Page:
Meet Kappy, Heartspring's Director of Happy
At Heartspring, Kappy helps children, families, and staff achieve happier, healthier lives
By: Heartspring Markerting
This fall, Heartspring welcomed a sweet four-legged new employee who is quickly gaining popularity with children and staff. We are incredibly excited to welcome Kappy to our organization! Although Kappy is a facility dog, she has endearingly been given the title of "director of happy." Learn more about her story and her important role at Heartspring in this Q&A with Assistant Director of Pediatric Services and Marriage and Family Therapist Karla Hartlep.
Tell us about Kappy! What is her story and how did she come to you and Heartspring?
Kappy is a three-year-old spayed female Golden Retriever who was donated to Kansas Specialty Dog Services Assistance Dogs, Inc. (KSDS) by her breeder. As a puppy, Kappy spent time with KSDS puppy raiser Nikki Roberts of Ozark, MO. During this time, Nikki gave her heart and time to provide her a loving home, foundational training, and most importantly, some wonderful early socialization in a veterinary clinic.
KSDS has a partnership with Topeka Correctional Facility (TCF). As Kappy grew from a puppy into an adult dog, she went to TCF for training by selected inmates who participate in the “Pooches and Pals” program. Through this program, inmates provide all husbandry and training while KSDS dogs are in the care of TCF. The next step was final training by Letha Nelson at the KSDS facility to pair Kappy with her human-half of the team. I had formerly completed the application process and had been approved to receive a facility dog for Heartspring. From my description of Heartspring and the children and families we serve, it was determined that Kappy would be a good match for the organization. Kappy and I completed a one-week training at KSDS and graduated as a team on September 24, 2020.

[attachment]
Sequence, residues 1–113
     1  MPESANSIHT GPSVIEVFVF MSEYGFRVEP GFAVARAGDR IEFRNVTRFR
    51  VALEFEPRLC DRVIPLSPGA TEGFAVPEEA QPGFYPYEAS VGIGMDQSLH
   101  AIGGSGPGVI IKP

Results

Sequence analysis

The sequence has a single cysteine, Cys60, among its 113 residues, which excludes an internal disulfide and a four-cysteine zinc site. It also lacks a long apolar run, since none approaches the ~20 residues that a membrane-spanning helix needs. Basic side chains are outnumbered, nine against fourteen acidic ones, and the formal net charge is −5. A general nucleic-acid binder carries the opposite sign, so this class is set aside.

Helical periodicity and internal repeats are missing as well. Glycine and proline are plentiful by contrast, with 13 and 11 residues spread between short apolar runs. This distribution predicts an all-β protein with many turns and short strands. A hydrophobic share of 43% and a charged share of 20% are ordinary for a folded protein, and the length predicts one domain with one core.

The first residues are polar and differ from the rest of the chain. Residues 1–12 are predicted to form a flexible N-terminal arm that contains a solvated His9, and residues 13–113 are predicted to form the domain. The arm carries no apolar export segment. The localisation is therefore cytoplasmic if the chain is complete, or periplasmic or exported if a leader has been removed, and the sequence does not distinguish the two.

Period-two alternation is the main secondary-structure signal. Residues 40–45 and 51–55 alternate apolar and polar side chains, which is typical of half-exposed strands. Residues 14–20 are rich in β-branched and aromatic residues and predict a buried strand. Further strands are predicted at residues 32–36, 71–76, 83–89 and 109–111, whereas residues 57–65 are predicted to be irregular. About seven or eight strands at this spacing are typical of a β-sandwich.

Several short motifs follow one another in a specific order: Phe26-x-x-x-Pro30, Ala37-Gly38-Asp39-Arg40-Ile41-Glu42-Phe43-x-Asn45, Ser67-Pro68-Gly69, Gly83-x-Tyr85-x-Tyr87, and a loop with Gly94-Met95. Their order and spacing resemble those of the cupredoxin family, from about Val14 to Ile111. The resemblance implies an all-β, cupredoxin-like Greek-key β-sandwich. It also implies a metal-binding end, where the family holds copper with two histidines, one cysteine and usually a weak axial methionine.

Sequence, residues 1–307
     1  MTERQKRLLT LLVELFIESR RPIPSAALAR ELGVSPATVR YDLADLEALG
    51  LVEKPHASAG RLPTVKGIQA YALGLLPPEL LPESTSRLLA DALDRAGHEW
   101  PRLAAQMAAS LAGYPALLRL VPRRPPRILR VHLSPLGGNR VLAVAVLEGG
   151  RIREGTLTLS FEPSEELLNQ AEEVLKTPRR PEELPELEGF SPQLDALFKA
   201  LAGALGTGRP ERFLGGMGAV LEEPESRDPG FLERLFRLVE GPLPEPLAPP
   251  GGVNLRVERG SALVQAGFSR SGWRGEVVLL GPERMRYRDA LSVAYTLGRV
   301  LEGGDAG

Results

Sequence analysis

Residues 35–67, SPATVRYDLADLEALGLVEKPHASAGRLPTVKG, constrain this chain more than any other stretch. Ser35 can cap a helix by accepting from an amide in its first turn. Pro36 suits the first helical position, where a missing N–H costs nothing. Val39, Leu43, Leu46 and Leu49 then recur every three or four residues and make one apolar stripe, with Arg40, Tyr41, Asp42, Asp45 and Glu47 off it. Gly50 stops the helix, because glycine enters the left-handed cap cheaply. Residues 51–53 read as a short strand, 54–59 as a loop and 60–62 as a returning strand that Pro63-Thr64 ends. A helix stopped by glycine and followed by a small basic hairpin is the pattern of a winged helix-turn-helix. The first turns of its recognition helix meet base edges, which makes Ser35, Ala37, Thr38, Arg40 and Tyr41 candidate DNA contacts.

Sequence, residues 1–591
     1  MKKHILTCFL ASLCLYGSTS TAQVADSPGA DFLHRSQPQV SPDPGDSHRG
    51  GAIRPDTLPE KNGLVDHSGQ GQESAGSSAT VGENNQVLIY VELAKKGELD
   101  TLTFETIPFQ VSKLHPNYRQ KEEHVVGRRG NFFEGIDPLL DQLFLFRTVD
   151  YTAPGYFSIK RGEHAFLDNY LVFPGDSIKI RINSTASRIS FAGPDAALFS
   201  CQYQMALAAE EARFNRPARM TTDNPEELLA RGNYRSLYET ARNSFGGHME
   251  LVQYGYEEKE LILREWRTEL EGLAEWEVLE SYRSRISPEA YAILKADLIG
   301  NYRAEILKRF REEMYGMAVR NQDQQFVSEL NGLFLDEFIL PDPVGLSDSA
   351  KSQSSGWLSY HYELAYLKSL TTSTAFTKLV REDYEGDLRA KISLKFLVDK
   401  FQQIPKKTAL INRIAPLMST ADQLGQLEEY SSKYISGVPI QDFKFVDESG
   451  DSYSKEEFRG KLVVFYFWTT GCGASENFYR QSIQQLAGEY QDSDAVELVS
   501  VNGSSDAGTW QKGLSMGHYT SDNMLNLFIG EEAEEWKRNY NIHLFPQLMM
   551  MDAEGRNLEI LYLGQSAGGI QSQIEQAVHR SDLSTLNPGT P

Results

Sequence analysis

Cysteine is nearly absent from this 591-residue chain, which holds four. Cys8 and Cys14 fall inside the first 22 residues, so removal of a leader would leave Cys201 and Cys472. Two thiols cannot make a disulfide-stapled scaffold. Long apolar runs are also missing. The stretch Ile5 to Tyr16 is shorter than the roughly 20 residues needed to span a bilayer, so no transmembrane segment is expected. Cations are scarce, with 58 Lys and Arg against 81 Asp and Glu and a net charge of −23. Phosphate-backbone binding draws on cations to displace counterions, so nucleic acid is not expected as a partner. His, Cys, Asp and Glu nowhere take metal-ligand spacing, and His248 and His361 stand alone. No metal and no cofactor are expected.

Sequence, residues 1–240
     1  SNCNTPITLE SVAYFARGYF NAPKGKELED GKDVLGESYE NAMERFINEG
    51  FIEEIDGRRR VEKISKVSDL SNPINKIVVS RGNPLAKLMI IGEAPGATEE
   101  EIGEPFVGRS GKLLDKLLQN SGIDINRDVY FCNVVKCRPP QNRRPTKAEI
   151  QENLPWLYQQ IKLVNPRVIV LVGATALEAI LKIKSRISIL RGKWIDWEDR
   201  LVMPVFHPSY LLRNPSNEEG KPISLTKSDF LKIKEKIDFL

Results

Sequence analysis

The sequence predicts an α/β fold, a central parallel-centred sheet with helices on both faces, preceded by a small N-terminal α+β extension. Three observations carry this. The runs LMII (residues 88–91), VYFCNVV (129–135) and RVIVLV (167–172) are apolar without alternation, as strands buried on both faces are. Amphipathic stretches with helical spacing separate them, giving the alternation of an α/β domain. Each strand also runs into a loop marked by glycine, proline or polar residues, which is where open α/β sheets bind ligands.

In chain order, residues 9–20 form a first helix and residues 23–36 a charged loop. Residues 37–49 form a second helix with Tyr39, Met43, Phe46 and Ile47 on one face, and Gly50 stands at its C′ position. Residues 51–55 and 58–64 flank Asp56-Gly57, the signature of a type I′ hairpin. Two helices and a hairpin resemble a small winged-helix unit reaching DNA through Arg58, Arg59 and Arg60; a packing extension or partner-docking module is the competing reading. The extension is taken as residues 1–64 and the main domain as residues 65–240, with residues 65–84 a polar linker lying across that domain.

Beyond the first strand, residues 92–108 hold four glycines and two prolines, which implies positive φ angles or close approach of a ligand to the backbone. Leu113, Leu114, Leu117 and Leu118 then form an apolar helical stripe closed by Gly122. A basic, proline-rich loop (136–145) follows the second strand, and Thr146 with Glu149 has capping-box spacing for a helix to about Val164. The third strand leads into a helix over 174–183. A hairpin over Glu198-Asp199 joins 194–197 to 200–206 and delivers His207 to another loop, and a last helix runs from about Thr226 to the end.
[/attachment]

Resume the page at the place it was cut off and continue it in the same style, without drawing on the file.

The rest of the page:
What is a facility dog?
KSDS is accredited by Assistance Dogs International and provides dogs trained in three different areas of assistance: Guide dogs to aid individuals with visual impairments, service dogs trained to perform a specific task or tasks for someone, and facility dogs. Facility dogs have an owner who is responsible for their welfare, care, tossing a tennis ball, and making room for them on the sofa in the evening. During the day, facility dogs accompany their owner to work. Schools, courthouses, hospitals, and now Heartspring are examples of agencies that may have a facility dog.
What job will Kappy have at Heartspring?
Peer-reviewed literature supporting the use of animal-assisted therapy has grown over recent years. Kappy and her playful nature will work with children and families to assist with teaching behavior regulation, impulse control, social skills, and empathy. Kappy will also help teach children animal care and how to greet a dog. She will create many communication opportunities, and I am sure she will always be up for a game or two. In the short time that she has been here, she has already had a positive impact upon many children. Kappy and her older canine sister Josie also have plans together for participating in group activities as Kappy becomes more familiar with her new role at Heartspring.
How will she help children, families, and employees in their journey towards happier, healthier lives?
Kappy provides play, comfort, learning, and relationship-building opportunities for our staff as well as for the children and families served at Heartspring. She is truly an ambassador of our mission.
We look forward to continuing to witness the positive impact our new "director of happy" has on the lives of children, families, and employees at Heartspring!